Case Comment

Procter & Gamble Co. et al. v.
Kimberly Clark of Canada Ltd.

citation(s): (1991), 40 C.P.R. (3d) 1

copyright 1997 Donald M. Cameron, Aird & Berlis




The Decision

At p. 33

"The tests for anticipation as set out by Gibson J. in Reeves Brothers Inc. v. Toronto Quilting & Embroidery Ltd. (1978), 43 C.P.R. (2d) 15 (F.C.T.D.) at p. 157, have recently been commented on by the Court of Appeal in the Tye-Sil case. Decary J.A. at p. 12 (p. 361 C.P.R.) indicated that the tests had been used out of context and that the tests were not cumulative: Gibson J. had only enumerated various formulations for the test of anticipation retained in earlier decisions and his conclusion, really, is that there could be no finding of anticipation unless one met any, rather than each of these eight "tests"."

At p. 34

"The defendant has argued that there are two tests to determine anticipation. The first is that of determining whether the patent is disclosing something that is not new, namely, the equivalency of invention test, and the second is the "infringement test", which relates to the scope of the patent's claims. The defendant refers to William Hayhurst's article, "Recent Developments in Canadian Law: Intellectual Property" (1987) 19 Ottawa L. Rev. 155, and the Tye-Sil decision in support of their contention that there are two tests for anticipation. According to the defendant the first test for anticipation, the "equivalency of invention" test, is reflected in terms 1,3,4,5 and 6 of the Reeves Brothers decision, and the infringement test is reflected in items 2 and 7 of the decision, namely, give directions which will inevitably result in something within the claims and in the absence of explicit directions, teach an "inevitable result" which "can only be proved by experiments". I have the same problems with item 2 as Mr. Hayhurst in that it refers to "something within the claims"; that something may be within the claims and therefore anticipate, but fail to teach or provide what the patentee has accomplished. It would seem that in such a case the patentee has not limited his/her claim to what he/she invented. The plaintiffs maintain that there is no infringement test for anticipation, and in support of their assertion, refer to the Supreme Court of Canada's decision in Consolboard, supra. However, the defendant notes, as do I, that in Consolboard the Supreme Court applied both tests and found them not to be met. In this regard, I note the following comments from pp. 167-8, which are reproduced below:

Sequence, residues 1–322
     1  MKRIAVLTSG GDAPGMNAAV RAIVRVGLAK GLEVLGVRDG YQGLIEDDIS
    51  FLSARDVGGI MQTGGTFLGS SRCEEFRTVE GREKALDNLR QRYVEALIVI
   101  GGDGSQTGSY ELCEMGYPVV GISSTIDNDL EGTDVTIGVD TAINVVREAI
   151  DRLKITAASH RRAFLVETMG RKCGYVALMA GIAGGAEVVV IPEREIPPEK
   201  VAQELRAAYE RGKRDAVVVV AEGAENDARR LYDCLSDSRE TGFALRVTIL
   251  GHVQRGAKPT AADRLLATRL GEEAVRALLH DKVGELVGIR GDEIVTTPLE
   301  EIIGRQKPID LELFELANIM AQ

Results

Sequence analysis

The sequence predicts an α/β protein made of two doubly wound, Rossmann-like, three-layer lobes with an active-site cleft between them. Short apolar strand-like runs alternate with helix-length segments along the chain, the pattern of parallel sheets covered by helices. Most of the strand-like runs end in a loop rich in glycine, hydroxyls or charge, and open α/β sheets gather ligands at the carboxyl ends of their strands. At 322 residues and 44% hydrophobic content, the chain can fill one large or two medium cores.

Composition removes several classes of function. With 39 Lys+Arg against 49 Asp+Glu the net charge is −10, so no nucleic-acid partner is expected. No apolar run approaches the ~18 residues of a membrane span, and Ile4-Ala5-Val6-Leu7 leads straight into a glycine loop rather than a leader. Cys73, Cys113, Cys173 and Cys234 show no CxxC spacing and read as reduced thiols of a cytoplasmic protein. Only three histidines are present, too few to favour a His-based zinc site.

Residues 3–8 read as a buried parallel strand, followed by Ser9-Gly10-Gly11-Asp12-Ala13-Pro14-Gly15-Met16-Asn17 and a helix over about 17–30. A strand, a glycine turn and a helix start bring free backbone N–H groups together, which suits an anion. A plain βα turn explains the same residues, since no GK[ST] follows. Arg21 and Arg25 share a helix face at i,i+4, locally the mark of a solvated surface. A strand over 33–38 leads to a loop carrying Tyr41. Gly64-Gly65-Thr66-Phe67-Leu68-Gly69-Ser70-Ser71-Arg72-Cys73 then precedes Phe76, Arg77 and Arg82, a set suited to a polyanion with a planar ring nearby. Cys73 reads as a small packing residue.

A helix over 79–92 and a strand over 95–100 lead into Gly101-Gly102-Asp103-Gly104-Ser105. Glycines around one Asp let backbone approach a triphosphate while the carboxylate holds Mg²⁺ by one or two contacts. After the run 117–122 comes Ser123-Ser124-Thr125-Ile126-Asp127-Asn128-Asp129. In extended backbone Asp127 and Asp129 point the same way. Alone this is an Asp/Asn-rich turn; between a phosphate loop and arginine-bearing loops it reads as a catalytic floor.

"I agree that the information in the prior publication is not, for the purposes of practical utility, equal to that given in the patents in suit. The respondent contends that the proper test of an "anticipation" is that the claims in suit "cover" or "read on" what the prior document would have taught as of the date of the invention to one skilled in the area; "what infringes if later, anticipates if earlier": as Rinfret J. delivering the judgment of the Court in Lightening Fastener Co. Ltd. v. Colonial Fastener Co. Ltd. et al, {1933} 3 D.L.R. 348 at p. 352, {1933} S.C.R. 377 at p. 381, said: "But what amounts to infringement, if posterior, should, as a general rule, amount to anticipation, if anterior." In my view the claims in suit do more than merely read on the disclosure of the prior documents. Such disclosure does not contain clear instructions to do or make something that would infringe the patents in suit if carried out after the grant. Dr. Clark was doing more that simply following along old tracks."

According to the defendant the court applied the infringement test, commencing with the sentence, "Such disclosure" and found it not to be met.

I agree that a "bare infringement" test alone is improper with respect to anticipation because while an earlier publication may satisfy the "infringement test" in that the earlier publication may describe in a general way the basic concept of the invention, there may be insufficient information in the publication to be able to say, for example, that it gives clear and unmistakable directions to do what is contained in the claims. I am of the view that the tests for anticipation include those outlined in the Reeves Brothers decision as commented on by the Court of Appeal in Tye-Sil."


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